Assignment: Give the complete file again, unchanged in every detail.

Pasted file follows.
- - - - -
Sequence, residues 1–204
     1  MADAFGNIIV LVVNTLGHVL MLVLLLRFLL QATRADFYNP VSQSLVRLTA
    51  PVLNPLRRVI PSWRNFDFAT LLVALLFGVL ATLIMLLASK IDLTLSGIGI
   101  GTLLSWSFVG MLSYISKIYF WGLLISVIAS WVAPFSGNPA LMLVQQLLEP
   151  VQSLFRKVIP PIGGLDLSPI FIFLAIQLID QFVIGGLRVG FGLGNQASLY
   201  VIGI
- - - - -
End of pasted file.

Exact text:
Sequence, residues 1–204
     1  MADAFGNIIV LVVNTLGHVL MLVLLLRFLL QATRADFYNP VSQSLVRLTA
    51  PVLNPLRRVI PSWRNFDFAT LLVALLFGVL ATLIMLLASK IDLTLSGIGI
   101  GTLLSWSFVG MLSYISKIYF WGLLISVIAS WVAPFSGNPA LMLVQQLLEP
   151  VQSLFRKVIP PIGGLDLSPI FIFLAIQLID QFVIGGLRVG FGLGNQASLY
   201  VIGI